Serious Eats: Recipes
In 2008, if you're an adult male who feels the need for a little, um, assistance in the intimacy department, you reach for one of the pharmaceuticals you see advertised during football games. In 1928, if you needed a little vavoom in the bedroom, you went to see Dr. Voronoff.
So popular was Voronoff's vitality procedure in the 1920s that it inspired the creation of the Monkey Gland, a cocktail named for the rather sensitive part of an unfortunate simian's anatomy that Voronoff surgically implanted into his eager patients.
This is a drink where spending the time and money to get your hands on the right ingredients makes all the difference. Fresh-squeezed orange juice is essential, and a quality grenadine—Stirrings makes a decent one, though it's quite simple to make your own—and an authentic absinthe really make the cocktail come together (though a substitute such as Herbsaint, Pernod or Ricard will also suffice).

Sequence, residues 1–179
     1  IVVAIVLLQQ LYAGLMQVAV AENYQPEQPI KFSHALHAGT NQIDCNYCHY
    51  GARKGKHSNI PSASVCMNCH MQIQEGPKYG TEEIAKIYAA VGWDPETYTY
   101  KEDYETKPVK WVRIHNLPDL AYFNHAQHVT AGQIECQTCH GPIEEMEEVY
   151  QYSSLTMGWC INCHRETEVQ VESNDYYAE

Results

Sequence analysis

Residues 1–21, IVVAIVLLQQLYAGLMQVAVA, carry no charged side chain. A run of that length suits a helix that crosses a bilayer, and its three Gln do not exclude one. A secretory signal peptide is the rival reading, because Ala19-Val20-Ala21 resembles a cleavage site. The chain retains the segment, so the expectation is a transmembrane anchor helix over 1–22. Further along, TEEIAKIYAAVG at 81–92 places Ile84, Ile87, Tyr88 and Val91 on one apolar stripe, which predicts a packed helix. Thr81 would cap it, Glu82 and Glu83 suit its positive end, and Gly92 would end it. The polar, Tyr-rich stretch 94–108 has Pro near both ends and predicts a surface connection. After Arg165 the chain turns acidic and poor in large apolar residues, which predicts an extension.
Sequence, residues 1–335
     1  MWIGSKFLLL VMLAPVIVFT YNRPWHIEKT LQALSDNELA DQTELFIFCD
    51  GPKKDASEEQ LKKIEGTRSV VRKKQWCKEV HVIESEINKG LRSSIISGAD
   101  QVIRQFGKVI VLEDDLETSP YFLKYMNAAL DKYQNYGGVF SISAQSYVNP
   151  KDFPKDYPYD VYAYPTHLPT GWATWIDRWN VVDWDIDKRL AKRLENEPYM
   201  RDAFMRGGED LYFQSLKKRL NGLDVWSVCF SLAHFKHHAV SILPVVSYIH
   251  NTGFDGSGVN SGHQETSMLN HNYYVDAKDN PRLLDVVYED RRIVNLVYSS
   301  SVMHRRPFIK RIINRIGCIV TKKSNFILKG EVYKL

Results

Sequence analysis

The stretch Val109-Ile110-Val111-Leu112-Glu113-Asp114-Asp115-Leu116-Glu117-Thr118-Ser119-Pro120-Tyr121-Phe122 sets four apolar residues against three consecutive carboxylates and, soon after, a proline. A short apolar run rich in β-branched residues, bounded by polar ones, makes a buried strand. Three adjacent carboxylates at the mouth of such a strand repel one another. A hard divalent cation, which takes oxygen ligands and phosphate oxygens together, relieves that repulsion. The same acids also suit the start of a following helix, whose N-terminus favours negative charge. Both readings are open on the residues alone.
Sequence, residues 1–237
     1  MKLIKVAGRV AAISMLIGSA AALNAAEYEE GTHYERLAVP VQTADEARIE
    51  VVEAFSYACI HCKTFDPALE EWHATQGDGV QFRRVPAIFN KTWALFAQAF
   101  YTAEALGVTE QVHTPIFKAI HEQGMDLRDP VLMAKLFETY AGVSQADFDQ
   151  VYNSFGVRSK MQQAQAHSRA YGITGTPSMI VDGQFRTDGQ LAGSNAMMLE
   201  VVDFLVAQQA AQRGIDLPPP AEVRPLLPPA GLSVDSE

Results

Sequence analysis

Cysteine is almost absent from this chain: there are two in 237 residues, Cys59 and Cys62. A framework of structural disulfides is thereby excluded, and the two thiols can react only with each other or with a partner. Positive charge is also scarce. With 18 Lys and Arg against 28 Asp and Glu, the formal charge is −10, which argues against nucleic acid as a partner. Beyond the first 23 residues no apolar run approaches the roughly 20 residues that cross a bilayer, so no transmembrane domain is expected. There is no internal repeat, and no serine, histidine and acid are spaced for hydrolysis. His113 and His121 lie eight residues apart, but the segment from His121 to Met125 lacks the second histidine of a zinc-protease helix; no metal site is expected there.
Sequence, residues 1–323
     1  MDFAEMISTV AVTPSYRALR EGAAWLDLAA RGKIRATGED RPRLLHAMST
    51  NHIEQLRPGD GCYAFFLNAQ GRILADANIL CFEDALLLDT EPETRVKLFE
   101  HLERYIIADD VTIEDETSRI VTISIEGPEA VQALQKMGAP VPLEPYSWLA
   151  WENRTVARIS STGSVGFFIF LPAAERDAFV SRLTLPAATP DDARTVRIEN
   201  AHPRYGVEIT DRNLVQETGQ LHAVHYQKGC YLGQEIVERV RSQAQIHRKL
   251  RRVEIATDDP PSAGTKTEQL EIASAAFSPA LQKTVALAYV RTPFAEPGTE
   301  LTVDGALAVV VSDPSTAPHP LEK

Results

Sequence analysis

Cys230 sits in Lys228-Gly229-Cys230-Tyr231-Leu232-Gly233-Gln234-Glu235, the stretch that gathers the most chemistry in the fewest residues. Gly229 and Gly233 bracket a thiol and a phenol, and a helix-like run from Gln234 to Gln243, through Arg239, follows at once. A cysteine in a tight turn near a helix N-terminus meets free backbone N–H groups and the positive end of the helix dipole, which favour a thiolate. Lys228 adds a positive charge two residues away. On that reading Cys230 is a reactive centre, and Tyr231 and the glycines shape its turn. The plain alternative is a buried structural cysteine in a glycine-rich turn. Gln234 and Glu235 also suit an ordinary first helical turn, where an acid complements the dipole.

Did Voronoff's treatment work? No, not really—and one can only guess how the monkeys felt about the whole thing. Fortunately, the cocktail still does the trick.
About the author: Paul Clarke blogs about cocktails at The Cocktail Chronicles and writes regularly on spirits and cocktails for Imbibe magazine. He lives in Seattle, where he works as a writer and magazine editor.